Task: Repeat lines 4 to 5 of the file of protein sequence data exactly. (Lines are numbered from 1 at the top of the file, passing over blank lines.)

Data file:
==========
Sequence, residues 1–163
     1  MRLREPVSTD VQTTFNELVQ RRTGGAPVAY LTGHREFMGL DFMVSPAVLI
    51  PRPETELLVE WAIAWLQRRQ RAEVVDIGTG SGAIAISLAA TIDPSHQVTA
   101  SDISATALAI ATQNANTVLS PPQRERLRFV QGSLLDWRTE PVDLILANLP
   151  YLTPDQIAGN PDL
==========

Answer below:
   101  SDISATALAI ATQNANTVLS PPQRERLRFV QGSLLDWRTE PVDLILANLP
   151  YLTPDQIAGN PDL